RASPBERRY JAM PRESS
By Gary Murray
With her thick glasses and shy demeanor, Courtney Ware looks more like an undergraduate literature student than a filmmaker. The young woman is presenting her short feature Raspberry Jam at the Dallas International Film Festival as a part of the shorts program. It is the first festival she submitted the work to and the first acceptance. “We are one for one,” she quipped.
Where more of these short works are opening chapters for longer works, Raspberry Jam is a complete tale. In a scant eight minutes it tells the story of Stephen McMurphy, a family man caught in circumstances beyond his grasps. It is an almost fairy tale telling of the fiction, to the point of having a leprechaun as the narrator.
Attending the press conference with Courtney were her two main actors of the work, Andrew Sensenig (Stephen McMurphy) and Frank Mosley (Leprechaun). Andrew is a rarity in Dallas, a working actor. He is a face that has been seen on TV and commercials as well as films such as I Love You Phillip Morris and W. Frank Mosley is an actor/director/producer with numerous credits on both sides of the camera. Both had worked on different projects with Courtney as a producer.
These seasoned professionals were ecstatic to be on hand to help out the novice director and talk of their work in the film. They both praised the young woman and Andrew said that she was more prepared for her three day shoot than some Hollywood directors with full crews. Frank was even more direct saying, “I would have done anything for Courtney Ware. If she would have wanted this leprechaun to fly I would have taken a dive off the roof.” Andrew was just as elated with working with the director. “I’m really excited about this one and hopefully it will keep leading to others,” he said. “This girl is going places, big time.”
On how the project came together, Courtney explained. “The writer Mike Maden and I are partnering in a project called Sunny in the Dark. Mike sent me Raspberry Jam on something completely unrelated about a year and a half ago. I read the script and loved it. In September I decided ‘we’re gonna shoot it’.”
“I used to hate short films because I thought you couldn’t do anything with them other than run the festival circuit,” said Courtney. “My mind really changed on that when I decided that short films are a great way to hone your craft and they are a great way to get together and bring people together and work together. Every single person on this crew I had worked with before and it was such a great experience to creatively craft this short. I have obviously changed my mind about shorts.”
Frank said of his director and friend, “She commands a very quiet control that exudes a very deliberate voice as a filmmaker. She knows exactly what she wants and you are rolled into it with her very effortlessly. I think, whether male of female, this is the kind of director I want to work with.”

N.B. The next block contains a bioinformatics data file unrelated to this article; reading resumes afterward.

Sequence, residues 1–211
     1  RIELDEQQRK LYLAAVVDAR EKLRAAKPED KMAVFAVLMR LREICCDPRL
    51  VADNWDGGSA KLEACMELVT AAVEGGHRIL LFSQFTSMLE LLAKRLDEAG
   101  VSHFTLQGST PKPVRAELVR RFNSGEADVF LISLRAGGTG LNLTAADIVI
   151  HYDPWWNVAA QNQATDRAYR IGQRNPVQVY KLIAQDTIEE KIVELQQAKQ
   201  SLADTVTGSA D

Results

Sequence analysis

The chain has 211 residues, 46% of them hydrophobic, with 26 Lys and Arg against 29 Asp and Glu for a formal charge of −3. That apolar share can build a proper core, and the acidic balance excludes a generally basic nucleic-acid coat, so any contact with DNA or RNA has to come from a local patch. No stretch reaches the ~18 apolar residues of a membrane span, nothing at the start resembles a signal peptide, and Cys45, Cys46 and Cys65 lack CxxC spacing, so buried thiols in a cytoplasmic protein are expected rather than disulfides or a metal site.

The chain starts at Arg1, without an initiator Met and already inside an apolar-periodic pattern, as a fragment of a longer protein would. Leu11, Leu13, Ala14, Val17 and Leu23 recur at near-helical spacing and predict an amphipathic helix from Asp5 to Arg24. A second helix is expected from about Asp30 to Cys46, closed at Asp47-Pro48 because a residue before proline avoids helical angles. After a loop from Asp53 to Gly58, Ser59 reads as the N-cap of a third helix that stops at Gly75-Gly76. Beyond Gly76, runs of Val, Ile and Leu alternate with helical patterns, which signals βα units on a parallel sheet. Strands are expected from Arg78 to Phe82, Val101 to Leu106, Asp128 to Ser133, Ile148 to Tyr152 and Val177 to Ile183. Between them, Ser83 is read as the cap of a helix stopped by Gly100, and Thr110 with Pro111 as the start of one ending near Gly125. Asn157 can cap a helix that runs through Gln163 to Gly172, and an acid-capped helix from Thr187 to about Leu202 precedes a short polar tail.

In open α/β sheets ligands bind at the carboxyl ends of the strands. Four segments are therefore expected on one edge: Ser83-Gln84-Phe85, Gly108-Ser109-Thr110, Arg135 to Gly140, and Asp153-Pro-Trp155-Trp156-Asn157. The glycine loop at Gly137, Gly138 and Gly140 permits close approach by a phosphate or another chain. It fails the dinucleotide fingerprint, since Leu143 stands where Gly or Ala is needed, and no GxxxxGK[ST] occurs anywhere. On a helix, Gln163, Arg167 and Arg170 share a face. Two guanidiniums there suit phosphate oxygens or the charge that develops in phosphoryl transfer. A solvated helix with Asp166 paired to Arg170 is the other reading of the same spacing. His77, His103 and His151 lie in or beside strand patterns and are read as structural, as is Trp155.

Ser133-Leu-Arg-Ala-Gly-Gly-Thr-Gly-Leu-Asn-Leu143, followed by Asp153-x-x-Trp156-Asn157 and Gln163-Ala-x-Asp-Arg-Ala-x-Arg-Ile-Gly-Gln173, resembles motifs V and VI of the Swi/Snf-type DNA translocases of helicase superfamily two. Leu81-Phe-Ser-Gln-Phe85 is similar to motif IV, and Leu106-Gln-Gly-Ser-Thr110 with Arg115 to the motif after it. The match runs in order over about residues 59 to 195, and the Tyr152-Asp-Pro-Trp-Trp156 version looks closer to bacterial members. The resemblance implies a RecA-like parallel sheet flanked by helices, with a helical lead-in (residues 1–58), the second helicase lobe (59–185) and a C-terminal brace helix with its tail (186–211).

Andrew, for the most part of the film, has a frozen expression on his face. He laughed about finding that perfect spot of emotional beat. :”We’d find a spot that Courtney liked,” he said, “and figure out a way to know how to keep doing it over and over again. It wasn’t too tough. Actually the character seemed to have some depth. You have to put your mind in that particular spot.”
The other challenging idea in making Raspberry Jam was in designing the leprechaun. “I wanted the leprechaun to be more of an urban leprechaun if you will,” said Courtney. “We decided to pull back from ‘Lucky Charms’ and went thrifting. We wanted it to be sort of subtle but still obvious that he was a leprechaun.”
As an actor working steadily, Andrew has a unique perspective on the role that Texas plays in the industry. “It is very frustrating,” he said of his schedule. “This is what I do for a living but over the last couple of years maybe five percent I’ve done in Texas. The rest is in Louisiana, Oklahoma, Florida and LA.” Courtney said that they had to find a window where Andrew was going to be in town.
Of the situation in Dallas, Andrew finished, “There is just not enough happening here. It is a Catch-22 that you can’t make a living here doing it until there are enough people doing it but if you can’t make a living, you don’t do it. Texas has more talent and a better crew base but it is not going to happen until people start doing more of it.”
Courtney defended her hometown against the juggernaut that has become Austin filmmaking. She said, “Dallas has so much corporate stuff going on here, I think that it has the stigma of being more on the commercial side. I think the best think to do is to keep making films in Dallas. It is such a great area, within 30 minutes I can get to any sort of city and in 45 and you are in West Texas. The different locations that we have here are more than Austin.”
To finish her thoughts about Raspberry Jam, Courtney said, “This story is about hope. A lot of films dealing with hope are really unrealistic, which is funny because I feel that this is a more realistic portrayal of hope. A lot of time, people in movies are overcoming great odds and in life and every day things. You are overcoming great odds and everything is difficult and it still doesn’t turn out the way you want.”
She smiled and then said, “It is about finding hope past this. This is what is more what life is like.”